Featured Research

from universities, journals, and other organizations

New findings on killer bacteria’s defence

Date:
December 14, 2012
Source:
Lund University
Summary:
Research from Sweden casts new light on the interaction between the immune system and streptococcus bacteria, which cause both mild tonsillitis and serious infections such as sepsis and necrotising fasciitis. The way in which antibodies attach to the bacteria is linked to how serious the disease is.

New research from Lund University casts new light on the interaction between the immune system and streptococcus bacteria, which cause both mild tonsillitis and serious infections such as sepsis and necrotising fasciitis. The way in which antibodies attach to the bacteria is linked to how serious the disease is.

Related Articles


Antibodies are key to the recognition and neutralisation of bacteria by our immune system. The most common antibodies have the shape of a Y, and the two prongs fasten to molecules that belong to the bacteria. The cells in the immune system recognise the shaft and can then attack the bacteria.

Since the 1960s, it has been known that certain bacteria have developed the ability to turn these antibodies around, which makes it more difficult for the immune system to identify them. These include streptococcus bacteria, sometimes referred to as 'killer bacteria', that cause both common tonsillitis and more serious diseases such as sepsis (blood poisoning) and necrotising fasciitis (flesh-eating disease). Because it has not been possible to study this phenomenon in detail, researchers have until now presumed that antibodies are always turned around in these streptococcal infections.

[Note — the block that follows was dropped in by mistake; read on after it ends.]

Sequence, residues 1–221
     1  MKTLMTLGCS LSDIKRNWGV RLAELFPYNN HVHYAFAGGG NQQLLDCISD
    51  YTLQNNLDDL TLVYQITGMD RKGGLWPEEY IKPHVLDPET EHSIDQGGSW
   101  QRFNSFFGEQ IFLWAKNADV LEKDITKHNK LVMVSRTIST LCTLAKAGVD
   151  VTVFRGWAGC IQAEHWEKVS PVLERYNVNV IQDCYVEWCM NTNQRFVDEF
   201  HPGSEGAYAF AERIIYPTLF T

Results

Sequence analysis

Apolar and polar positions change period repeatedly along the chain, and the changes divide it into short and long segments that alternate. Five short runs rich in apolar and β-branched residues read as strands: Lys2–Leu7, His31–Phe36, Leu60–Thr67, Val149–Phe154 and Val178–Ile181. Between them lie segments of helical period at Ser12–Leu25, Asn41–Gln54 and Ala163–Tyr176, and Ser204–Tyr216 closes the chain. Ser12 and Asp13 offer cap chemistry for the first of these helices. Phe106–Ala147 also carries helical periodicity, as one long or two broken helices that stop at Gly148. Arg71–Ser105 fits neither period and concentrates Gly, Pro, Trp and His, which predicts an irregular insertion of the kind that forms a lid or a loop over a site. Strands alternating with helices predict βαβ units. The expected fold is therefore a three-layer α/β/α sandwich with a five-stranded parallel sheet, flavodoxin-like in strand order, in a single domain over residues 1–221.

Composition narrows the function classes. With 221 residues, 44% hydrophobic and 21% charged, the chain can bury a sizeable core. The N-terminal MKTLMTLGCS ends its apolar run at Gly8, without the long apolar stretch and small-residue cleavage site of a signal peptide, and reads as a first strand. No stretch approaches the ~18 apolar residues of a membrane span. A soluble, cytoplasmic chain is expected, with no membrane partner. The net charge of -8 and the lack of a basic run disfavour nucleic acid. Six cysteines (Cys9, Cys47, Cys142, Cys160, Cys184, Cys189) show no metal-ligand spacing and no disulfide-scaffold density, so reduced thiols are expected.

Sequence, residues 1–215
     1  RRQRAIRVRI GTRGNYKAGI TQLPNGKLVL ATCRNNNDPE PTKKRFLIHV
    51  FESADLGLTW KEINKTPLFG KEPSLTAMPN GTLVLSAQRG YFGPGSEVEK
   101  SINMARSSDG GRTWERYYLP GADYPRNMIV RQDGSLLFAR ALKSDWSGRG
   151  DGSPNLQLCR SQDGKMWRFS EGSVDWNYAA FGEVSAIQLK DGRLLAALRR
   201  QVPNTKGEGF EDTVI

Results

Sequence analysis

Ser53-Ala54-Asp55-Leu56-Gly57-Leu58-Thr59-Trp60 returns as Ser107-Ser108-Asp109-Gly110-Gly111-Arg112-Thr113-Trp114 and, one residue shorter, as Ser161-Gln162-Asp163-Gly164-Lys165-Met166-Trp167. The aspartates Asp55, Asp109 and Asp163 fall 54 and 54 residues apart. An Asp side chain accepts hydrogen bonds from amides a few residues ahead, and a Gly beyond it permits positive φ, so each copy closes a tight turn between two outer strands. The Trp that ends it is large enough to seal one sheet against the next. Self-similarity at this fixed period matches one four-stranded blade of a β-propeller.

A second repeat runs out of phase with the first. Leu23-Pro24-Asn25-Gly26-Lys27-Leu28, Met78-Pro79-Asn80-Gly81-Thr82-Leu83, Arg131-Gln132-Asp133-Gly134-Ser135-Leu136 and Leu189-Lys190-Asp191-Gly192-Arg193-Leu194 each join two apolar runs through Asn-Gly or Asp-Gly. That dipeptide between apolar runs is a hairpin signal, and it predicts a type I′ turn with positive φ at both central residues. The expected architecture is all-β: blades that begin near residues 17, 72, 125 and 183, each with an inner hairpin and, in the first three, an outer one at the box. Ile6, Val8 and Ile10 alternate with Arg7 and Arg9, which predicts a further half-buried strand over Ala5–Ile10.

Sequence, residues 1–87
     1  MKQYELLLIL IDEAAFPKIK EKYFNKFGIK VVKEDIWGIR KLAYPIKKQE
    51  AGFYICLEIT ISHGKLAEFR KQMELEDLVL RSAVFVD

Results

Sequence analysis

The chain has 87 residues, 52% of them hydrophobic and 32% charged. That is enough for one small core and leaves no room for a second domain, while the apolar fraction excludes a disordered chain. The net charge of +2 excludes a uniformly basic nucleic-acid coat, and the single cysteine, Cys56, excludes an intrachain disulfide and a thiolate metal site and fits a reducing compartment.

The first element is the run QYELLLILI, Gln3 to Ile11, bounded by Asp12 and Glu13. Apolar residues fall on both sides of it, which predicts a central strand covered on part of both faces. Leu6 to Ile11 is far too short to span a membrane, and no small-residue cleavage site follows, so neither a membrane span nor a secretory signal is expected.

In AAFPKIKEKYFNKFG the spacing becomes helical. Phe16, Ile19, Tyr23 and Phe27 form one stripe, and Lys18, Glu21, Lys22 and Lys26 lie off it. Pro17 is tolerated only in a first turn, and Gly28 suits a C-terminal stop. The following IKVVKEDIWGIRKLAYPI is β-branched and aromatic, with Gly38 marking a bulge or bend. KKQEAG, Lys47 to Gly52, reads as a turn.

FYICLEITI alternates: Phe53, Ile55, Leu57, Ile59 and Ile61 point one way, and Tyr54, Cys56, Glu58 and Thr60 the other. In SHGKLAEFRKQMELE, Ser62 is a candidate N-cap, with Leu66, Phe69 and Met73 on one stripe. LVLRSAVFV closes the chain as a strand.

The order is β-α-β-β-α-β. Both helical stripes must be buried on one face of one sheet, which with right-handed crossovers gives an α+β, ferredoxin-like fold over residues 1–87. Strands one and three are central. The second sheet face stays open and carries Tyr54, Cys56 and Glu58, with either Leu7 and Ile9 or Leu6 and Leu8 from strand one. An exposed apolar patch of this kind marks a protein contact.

Now researchers at Lund University have shown that this is not the case. In less serious conditions, such as tonsillitis, the antibodies are back-to-front, but in more serious and life-threatening diseases such as sepsis and necrotising fasciitis, the antibodies are the right way round. These findings have now been published in the Journal of Experimental Medicine and completely alter the understanding of bacterial infections with several of our most common pathogenic bacteria.

"This information is important and fundamental to improving our understanding of streptococcal infections, but our results also show that the principle described could apply to many different types of bacteria," says Pontus Nordenfelt, who is currently conducting research at Harvard Medical School in Boston.

The present study shows that it is the concentration of antibodies in the local environment in the body that controls how the antibodies sit on the surface of the bacteria. In the throat, for example, where the concentration is low, the antibodies sit the wrong way round, but in the blood, where the concentration is high, the antibodies are the right way round. This explains why the most serious infections are so rare in comparison to the common and often mild cases of throat and skin infections. The bacteria in the blood are quite simply easier for the immune system to find.

In the future, the results could have an impact on the treatment of serious infectious diseases, since a better understanding of the mechanisms behind the diseases is needed to develop new treatments.

Lars Björck, Professor of Infectious Medicine at Lund University, has discovered some of the antibody-turning proteins and has studied their structure and function for over 30 years.

"It is fantastic to have been involved in moving a major step closer to understanding the biological and medical importance of these proteins together with talented young colleagues," he says.


Story Source: